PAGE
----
He also paid attention to the issues of developing nations in Africa and Asia, making trips overseas and urging presidential policymakers to pay attention to nations seeking independence from colonial powers and support aid to them. During the Cold War, many of them sought neutrality between the United States and the Soviet Union. He made speeches on the House Floor to celebrate the anniversaries of the independence of nations such as Ghana, Indonesia, and Sierra Leone. In addition, Powell, against the State Department’s advice which preferred to ignore the event, attended the Asian–African Conference in 1955 as an observer. Once there, Powell made a positive international impression in public addresses that balanced his concerns of his nation’s race relations problems with a spirited defense of the United States as a whole against Communist criticisms. Powell returned to the United States to a warm bipartisan reception for his performance and was invited to speak with President Dwight Eisenhower. With this influence, Powell suggested to the State Department that the current manner of competing with the Soviet Union in the realm of fine arts such as international symphony orchestra and ballet company tours was ineffective. Instead, he advised that the United States should focus on the popular arts such as sponsoring international tours of famous jazz musicians, which could draw attention to an indigenous American art form with artists who often performed in mixed race bands. The State Department approved the idea and the first such tour with Dizzy Gillespie proved to be an outstanding success abroad and prompted similarly popular tours with other musicians for years.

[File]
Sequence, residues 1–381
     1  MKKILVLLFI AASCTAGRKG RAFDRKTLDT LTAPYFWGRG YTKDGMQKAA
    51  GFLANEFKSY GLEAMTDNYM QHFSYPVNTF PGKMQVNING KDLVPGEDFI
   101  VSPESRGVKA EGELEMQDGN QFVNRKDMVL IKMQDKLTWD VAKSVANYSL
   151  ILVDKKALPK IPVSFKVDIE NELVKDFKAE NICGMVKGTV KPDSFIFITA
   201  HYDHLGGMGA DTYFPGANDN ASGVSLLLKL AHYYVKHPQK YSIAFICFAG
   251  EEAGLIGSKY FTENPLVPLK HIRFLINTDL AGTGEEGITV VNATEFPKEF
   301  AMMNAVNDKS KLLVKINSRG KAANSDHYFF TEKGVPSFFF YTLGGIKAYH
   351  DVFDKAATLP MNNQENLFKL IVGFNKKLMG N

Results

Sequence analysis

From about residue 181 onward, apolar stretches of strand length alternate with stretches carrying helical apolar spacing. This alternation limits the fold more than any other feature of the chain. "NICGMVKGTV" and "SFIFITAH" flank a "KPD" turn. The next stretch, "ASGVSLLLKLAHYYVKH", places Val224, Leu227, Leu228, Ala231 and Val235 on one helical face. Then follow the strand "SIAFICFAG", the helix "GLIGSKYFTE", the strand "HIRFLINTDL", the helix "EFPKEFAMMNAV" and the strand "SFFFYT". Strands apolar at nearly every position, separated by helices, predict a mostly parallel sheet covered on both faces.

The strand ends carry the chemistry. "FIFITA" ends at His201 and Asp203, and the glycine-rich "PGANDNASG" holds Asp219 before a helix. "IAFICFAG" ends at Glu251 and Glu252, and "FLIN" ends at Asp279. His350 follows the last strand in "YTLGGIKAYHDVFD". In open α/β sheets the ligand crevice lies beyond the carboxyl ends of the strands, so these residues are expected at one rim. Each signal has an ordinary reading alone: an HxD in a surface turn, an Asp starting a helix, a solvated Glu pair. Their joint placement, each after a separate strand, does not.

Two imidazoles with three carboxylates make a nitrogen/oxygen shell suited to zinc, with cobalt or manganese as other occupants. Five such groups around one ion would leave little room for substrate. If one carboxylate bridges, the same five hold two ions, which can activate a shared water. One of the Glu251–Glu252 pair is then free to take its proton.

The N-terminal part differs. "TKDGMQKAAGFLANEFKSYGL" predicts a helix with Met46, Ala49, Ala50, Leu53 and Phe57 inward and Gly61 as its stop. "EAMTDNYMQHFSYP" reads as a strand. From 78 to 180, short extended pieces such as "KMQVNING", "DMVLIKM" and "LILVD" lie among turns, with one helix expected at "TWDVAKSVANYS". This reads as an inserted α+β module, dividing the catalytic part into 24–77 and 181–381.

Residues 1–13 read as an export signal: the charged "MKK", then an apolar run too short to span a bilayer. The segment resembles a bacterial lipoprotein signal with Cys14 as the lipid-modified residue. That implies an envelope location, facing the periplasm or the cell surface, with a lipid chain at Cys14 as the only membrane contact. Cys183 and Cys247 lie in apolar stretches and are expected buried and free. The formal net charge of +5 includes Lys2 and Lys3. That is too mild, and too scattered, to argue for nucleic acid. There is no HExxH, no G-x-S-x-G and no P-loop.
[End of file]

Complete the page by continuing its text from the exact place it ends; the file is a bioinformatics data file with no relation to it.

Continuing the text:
In 1961, after 15 years in Congress, Powell became chairman of the powerful House Education and Labor Committee. In this position, he presided over federal social programs for minimum wage and Medicaid (established later under Johnson); he expanded the minimum wage to include retail workers; and worked for equal pay for women; he supported education and training for the deaf, nursing education, and vocational training; he led legislation for standards for wages and work hours; as well as for aid for elementary and secondary education, and school libraries. Powell’s committee proved extremely effective in enacting major parts of President Kennedy’s “New Frontier” and President Johnson’s “Great Society” social programs and the War on Poverty. It successfully reported to Congress “49 pieces of bedrock legislation”, as President Johnson put it in an May 18, 1966 letter congratulating Powell on the fifth anniversary of his chairmanship.